Melo Tells FAA: We’re Breaking Ground On Another Tower In Months

Melo Group could start construction on yet another downtown Miami apartment tower within months, according to a new filing with federal regulators.

On June 25, the developer applied for approval from the Federal Aviation Administration to build Miami Plaza, which Melo says is a 35-story luxury rental building.

According to the FAA application, the tower would rise 368 feet above ground, or 381 feet above sea level.

Construction is scheduled to begin on November 5, 2018, and wrap up on May 1, 2020, the application states.

In total, Melo is building 1,790 apartments on three city blocks surrounding the School Board Metromover Station. The first, Square Station, opened last month with 710 units, while another, Art Plaza, is under construction with 655 units.

 

 

 

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Miami1
3 years ago

Melo Rocks!!! Take some lessons Mana!!!

Lucia M
3 years ago

Great looking project!

Anonymous
3 years ago

This news means they’ve already broken ground and the building is on the 5th floor lol

Anonymous
3 years ago

Yeah don’t know why they said months lol they will start next week lol.

Anonymous
3 years ago

Good… do you know how long those lots in that area sat empty?

marc
3 years ago

They are literally building out that area. Very cool. What happened to the Estefan proposal near there?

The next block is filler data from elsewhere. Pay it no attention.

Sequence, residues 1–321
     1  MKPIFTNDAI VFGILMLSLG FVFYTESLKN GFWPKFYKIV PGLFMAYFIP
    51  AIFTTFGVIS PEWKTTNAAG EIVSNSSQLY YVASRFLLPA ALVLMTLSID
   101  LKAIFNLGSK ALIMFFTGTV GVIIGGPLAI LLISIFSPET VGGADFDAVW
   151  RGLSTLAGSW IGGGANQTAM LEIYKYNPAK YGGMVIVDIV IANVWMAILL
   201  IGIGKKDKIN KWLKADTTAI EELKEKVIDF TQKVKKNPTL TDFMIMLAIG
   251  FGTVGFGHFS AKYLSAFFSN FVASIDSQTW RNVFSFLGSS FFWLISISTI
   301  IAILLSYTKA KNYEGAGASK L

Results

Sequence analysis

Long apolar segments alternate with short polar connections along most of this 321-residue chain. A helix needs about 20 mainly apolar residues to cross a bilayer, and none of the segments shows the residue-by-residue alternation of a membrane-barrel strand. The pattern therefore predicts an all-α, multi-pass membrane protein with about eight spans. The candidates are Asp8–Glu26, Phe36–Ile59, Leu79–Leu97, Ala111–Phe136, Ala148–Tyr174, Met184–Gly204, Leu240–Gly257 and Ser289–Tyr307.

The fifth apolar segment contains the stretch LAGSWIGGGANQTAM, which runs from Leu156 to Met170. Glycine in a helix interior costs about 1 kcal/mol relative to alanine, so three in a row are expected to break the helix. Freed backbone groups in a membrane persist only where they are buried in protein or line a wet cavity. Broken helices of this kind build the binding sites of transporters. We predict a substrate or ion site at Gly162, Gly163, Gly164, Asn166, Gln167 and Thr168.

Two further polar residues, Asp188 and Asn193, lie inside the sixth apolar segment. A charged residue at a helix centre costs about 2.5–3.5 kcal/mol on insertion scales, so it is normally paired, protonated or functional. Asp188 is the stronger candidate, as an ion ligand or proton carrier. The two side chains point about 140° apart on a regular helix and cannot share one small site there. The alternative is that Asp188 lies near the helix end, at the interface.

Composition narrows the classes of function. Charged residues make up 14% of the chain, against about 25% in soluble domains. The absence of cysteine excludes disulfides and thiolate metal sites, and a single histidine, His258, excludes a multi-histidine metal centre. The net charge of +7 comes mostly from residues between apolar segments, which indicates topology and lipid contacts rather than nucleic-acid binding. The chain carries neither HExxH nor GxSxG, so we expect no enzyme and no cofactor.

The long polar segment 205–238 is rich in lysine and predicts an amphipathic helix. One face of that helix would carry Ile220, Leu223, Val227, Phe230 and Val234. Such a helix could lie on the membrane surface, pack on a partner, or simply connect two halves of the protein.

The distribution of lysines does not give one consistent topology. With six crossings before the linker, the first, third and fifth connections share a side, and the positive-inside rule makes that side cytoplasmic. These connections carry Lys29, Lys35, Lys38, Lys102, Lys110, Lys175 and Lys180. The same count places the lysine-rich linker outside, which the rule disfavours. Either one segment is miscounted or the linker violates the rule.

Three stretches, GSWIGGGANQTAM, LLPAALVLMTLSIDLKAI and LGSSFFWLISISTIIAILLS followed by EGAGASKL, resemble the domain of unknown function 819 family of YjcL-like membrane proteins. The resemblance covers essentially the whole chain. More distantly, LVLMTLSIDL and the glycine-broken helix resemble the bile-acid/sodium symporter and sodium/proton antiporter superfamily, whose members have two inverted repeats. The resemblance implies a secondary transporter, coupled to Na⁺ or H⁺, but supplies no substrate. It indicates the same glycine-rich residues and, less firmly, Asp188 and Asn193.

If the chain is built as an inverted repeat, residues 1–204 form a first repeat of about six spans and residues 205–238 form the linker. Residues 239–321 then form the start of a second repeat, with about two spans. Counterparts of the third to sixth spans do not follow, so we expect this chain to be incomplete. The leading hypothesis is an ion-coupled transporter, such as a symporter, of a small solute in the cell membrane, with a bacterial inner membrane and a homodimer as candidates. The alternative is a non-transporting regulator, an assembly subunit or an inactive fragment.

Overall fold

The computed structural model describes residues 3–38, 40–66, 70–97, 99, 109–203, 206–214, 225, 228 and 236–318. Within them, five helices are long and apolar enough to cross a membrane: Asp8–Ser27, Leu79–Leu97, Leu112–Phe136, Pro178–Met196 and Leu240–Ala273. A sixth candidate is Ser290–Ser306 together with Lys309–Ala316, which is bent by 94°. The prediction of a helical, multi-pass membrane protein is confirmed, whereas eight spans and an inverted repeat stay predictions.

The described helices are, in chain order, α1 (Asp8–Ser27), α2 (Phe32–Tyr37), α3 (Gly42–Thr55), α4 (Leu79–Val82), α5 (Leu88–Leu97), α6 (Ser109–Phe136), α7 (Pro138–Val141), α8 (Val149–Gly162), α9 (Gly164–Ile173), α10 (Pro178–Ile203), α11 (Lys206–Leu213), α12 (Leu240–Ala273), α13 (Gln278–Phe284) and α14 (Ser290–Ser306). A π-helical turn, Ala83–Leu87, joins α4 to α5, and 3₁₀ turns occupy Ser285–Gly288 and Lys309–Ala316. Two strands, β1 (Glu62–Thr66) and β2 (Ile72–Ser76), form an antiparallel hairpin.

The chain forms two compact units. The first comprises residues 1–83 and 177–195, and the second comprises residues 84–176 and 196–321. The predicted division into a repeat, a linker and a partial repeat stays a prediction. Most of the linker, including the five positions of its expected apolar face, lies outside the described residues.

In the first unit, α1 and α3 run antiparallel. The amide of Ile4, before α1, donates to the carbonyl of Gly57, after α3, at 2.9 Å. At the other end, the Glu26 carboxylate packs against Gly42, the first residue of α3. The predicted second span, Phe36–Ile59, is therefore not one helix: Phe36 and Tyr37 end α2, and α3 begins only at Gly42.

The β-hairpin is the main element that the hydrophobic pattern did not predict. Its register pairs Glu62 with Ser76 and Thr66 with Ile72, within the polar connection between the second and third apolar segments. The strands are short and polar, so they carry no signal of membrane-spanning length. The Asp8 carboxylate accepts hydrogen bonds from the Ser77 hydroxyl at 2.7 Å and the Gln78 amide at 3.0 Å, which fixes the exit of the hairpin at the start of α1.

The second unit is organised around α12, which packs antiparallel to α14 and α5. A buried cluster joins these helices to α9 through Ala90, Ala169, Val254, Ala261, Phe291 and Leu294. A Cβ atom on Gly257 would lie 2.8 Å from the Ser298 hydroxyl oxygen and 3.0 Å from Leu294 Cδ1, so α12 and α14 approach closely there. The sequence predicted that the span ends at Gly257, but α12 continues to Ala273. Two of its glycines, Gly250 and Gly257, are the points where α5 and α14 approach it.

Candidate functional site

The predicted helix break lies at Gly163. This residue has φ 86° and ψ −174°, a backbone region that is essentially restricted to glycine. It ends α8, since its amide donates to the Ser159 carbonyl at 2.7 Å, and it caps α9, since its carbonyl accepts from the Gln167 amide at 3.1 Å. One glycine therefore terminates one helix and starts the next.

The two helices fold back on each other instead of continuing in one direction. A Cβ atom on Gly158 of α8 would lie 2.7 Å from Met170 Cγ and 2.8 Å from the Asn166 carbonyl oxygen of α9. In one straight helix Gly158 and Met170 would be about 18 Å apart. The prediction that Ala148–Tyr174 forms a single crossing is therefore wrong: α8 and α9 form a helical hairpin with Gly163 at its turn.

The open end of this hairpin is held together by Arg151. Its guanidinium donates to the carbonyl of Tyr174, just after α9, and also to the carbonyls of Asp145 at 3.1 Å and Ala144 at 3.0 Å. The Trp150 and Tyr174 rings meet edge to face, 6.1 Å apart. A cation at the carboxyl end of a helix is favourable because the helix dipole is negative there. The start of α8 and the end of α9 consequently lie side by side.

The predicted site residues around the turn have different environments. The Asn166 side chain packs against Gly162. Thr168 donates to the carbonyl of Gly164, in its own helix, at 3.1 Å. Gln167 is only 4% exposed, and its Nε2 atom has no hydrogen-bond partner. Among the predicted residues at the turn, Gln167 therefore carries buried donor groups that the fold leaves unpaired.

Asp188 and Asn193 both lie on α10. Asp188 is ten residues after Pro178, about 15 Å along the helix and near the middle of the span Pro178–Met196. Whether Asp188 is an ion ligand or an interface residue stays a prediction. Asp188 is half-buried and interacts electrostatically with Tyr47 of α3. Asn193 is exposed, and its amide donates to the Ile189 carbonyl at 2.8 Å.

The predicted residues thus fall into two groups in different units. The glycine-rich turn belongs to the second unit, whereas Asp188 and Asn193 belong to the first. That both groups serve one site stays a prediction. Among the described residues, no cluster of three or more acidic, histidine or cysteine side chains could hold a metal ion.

Anonymous
3 years ago

Yeah the party tower with offices just disappeared.

Anonymous
3 years ago

How can anyone in Miami hate the Melo Group?

Anonymous
3 years ago

Keep it coming Melo, give these guys the keys to the city.

Anonymous
3 years ago

Yay affordable city living

Anonymous
3 years ago

Note to Miami: just let Melo build everything.

Anonymous
3 years ago

Melo is not playing.

Anonymous
3 years ago

I am in Real Estate and I have had a few run ins with the Melos. They are stingy and don’t like to pay commissions. My agent once took a client to see a two bedroom and they were fine with it but when the client decided to go for a one bedroom they would not pay up. There have been a few other instances when the same thing happened.

In this respect, they do under perform. Having said that, I cannot say anything bad about how they have transformed the Omni area and I am happy to see they are not slowing down. This new project will be amazing so good for them. We will keep taking renters to them, I just hope they can be nicer to agents who after all are the ones bringing them money.

Anonymous
3 years ago

Was your client unable to use apartments.com and call the number to find out what was available? This doesn’t seem difficult in 2018…

Anonymous
3 years ago

Ok idiot, let me school you. Hiring an agent to drive you around and show apartments both listed by individual owners on the MLS or Complexes such as the Melos is absolutely FREE. So you can go to apartments.com, do everything on your own and deal with the landlord’s agent whose job is to get the most they can for the place. Or you can have someone pick you up, drive you, show the units, research it so see if it is fair market value, write up the contract and negotiate back and forth until it is a price you can afford. And for all this you pay nothing! Why? because developers like the Melos can afford to pay the commission. Do a little research before posting asinine comments.

Anonymous
3 years ago

No point aguing with the Einsteins on this blog.. LOL

Gene
3 years ago

Great defense. You’re absolutely correct – a buyer or a renter needs an advocate to work for them.

Anonymous
3 years ago